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Government Surveillance

Challenges Loom for ‘E-Verify’ Employment Verification System

This post is part of “CDT Fellows Focus,” a series that presents the views of notable experts on tech policy issues. This month, CDT Fellow Annie I. Antón is our guest contributor (see Antón’s website The Privacy Place). The post is based on Antón’s recent testimony on behalf of the Association for Computing Machinery’s Council on U.S. Public Policy at a Congressional hearing regarding the verification of employment eligibility. Posts featured in “CDT Fellows Focus” don’t necessarily reflect the views of CDT; the goal of the series is to present diverse, well-informed views on significant tech policy issues.

Last month, I testified before the House Ways and Means Social Security Subcommittee hearing on the Social Security Administration’s Role in Verifying Employment Eligibility. My testimony focused on the E-Verify pilot system, and the operational challenges the system faces. According to the U.S. Citizenship and Immigration Services website, E-Verify “is an Internet-based system that allows businesses to determine the eligibility of their employees to work in the United States.” The goal of E-Verify – to ensure that only authorized employees can be employed in the U.S. – is laudable. However, the E-Verify pilot system is still in need of major improvements before it should be promoted to a permanent larger-scaled system.

In 2010, Westat Corporation, a research company that conducted an evaluation of the E-Verify system, found that 54% of the undocumented immigrants checked through E-Verify were incorrectly deemed eligible to work primarily due to identity fraud. The Westat evaluation coupled with the E-Verify pilot results from the Social Security Administration Inspector General do not instill a sense of confidence that the pilot is ready for more widespread use. In its current state, E-Verify remains vulnerable to, and incentivizes the use of, identity fraud.

Three issues are especially critical as Congress moves forward on E-Verify. First, E-Verify must accurately identify and authenticate the individuals and employers authorized to use the system in a trustworthy manner before it is widely deployed. Second, proof of success with a pilot is required before extensively scaling any software system. Third, complex systems (such as E-Verify) are fallible and often misused or prone to “mission creep” in ways that violate sound principles of security and good software engineering.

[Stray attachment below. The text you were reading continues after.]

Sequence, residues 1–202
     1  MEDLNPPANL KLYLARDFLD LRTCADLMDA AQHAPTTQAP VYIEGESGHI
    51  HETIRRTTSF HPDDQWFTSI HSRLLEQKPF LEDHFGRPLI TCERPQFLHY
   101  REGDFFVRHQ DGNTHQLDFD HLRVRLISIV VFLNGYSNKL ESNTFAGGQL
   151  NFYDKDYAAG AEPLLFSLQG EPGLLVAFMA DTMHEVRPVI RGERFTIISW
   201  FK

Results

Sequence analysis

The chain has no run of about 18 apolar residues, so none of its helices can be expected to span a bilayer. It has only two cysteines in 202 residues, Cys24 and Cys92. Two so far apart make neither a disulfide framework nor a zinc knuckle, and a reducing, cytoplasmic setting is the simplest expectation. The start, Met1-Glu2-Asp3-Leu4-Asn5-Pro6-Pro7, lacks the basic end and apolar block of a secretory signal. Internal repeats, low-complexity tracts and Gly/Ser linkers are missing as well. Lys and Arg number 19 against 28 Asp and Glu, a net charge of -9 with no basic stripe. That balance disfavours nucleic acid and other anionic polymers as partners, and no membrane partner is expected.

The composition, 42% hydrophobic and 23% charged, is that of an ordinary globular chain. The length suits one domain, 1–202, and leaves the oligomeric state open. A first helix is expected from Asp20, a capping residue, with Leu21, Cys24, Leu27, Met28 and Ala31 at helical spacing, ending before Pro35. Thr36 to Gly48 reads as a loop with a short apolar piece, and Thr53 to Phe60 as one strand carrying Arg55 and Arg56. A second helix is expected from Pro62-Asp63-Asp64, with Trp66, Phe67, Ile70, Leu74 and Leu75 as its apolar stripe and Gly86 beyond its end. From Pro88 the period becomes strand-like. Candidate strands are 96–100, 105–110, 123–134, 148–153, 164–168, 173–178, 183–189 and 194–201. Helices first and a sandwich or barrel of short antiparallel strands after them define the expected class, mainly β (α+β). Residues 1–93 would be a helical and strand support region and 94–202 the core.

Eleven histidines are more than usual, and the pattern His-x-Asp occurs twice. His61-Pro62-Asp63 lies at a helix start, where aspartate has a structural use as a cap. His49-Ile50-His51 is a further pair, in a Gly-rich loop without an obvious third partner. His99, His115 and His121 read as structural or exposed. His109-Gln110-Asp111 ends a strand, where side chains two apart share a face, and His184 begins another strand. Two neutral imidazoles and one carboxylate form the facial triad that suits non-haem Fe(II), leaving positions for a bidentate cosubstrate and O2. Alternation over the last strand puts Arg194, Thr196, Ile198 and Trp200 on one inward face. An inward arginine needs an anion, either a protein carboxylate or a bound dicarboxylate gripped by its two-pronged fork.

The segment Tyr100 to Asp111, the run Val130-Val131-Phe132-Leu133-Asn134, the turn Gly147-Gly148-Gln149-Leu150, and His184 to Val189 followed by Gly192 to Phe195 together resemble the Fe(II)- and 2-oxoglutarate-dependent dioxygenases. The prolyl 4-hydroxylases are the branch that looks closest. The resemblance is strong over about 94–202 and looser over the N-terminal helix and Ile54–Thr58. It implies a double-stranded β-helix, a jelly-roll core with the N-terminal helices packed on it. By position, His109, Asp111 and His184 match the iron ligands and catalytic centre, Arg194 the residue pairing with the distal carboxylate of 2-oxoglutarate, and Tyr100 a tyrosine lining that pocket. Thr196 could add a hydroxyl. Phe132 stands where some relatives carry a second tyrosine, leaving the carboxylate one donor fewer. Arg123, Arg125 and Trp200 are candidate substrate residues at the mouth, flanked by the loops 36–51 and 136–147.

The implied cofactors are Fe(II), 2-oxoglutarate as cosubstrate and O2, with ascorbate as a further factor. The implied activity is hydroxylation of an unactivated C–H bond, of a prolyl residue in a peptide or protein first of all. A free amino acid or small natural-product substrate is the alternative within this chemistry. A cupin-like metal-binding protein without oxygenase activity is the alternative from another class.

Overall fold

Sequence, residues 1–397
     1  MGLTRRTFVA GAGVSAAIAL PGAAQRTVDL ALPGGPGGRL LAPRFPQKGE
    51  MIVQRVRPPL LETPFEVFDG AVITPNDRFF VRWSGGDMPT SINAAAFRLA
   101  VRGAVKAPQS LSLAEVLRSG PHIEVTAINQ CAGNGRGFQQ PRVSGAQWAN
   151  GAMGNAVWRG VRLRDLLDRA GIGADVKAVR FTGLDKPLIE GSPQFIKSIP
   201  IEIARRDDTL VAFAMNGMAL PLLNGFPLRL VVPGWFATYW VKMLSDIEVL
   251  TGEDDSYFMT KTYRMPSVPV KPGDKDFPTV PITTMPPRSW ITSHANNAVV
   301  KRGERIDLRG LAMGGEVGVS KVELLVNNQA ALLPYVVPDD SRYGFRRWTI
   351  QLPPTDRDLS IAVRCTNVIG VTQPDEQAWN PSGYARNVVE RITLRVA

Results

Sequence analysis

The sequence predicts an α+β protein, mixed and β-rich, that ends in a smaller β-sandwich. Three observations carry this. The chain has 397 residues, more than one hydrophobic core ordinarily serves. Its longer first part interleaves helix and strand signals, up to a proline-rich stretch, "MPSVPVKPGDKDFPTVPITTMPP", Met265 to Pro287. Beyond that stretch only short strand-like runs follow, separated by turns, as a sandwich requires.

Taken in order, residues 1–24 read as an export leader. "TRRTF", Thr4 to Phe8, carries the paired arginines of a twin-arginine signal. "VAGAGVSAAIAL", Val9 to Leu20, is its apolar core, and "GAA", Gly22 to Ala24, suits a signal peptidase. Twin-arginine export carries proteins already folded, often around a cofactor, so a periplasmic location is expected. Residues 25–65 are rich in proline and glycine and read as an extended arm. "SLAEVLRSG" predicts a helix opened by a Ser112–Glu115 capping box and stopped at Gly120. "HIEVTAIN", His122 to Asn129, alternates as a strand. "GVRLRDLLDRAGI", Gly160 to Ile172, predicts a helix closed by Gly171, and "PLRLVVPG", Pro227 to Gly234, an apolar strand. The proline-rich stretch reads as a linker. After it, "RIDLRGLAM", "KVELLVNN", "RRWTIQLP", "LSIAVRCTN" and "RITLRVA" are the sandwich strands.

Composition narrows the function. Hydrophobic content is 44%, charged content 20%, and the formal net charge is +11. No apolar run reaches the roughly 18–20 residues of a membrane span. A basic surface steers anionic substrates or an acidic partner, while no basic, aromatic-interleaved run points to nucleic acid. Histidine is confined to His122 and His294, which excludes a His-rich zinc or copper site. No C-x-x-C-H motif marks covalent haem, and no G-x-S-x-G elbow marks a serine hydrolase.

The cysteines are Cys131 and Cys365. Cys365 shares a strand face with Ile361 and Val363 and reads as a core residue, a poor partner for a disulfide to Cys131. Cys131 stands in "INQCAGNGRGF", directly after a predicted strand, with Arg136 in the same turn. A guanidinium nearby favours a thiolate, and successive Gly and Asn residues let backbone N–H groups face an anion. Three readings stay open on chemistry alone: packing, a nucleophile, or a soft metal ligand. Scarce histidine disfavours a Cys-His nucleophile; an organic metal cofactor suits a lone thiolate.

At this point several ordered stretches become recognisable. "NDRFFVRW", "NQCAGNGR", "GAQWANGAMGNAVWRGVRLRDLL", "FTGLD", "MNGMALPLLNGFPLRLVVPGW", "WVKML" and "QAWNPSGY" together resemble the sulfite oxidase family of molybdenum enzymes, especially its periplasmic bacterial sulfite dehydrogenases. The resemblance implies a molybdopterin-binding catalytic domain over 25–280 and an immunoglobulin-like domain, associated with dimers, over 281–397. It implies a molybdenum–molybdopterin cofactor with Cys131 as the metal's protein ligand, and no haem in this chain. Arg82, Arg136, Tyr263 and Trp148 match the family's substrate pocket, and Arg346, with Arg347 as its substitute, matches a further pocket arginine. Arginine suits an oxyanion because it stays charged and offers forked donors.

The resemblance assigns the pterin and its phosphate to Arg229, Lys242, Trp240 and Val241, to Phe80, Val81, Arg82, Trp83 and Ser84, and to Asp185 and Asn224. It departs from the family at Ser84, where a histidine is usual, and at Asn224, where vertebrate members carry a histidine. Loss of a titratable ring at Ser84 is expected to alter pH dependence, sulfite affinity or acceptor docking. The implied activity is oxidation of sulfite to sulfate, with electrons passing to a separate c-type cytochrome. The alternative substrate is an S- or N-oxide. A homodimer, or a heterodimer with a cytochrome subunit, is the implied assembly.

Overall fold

The E-Verify self-check pilot system is particularly concerning because it authenticates individuals by requesting information that can easily be obtained via the white pages and public tax records by individuals other than the holder of a given Social Security number. The current requested information is not sufficient for proper authentication. Insufficient authentication provides unauthorized individuals and fraudsters access to the system, allowing them to check stolen information and determine if it can be used to craft a new, fraudulent identity or to obtain employment. Mandated use of E-Verify would basically mandate an increase in computer fraud, abuse, and identity theft.

To protect the innocent, employers who take action on non-confirmation returns without informing applicants or providing them an opportunity to appeal and correct mistaken records must face strong penalties. Exceptions for cases of natural disaster or emergency should also be built in – under such circumstances, requirements should be waived or suspended when seeking new employment.

It is critical to eliminate the weaknesses in E-Verify and objectively audit the pilot before it is scaled up or extended to verify individuals for anything other than employment. Lack of proper system validation and verification will inevitably lead to cost and schedule overruns, system breakdowns, intrusions and perhaps obsolescence. In addition, it is imperative that vulnerabilities be examined and risks addressed to protect the system as well as the identities of the individuals whose information is managed within E-Verify. Finally, adopting biometric technologies as a solution to the E-Verify authentication problem would be premature.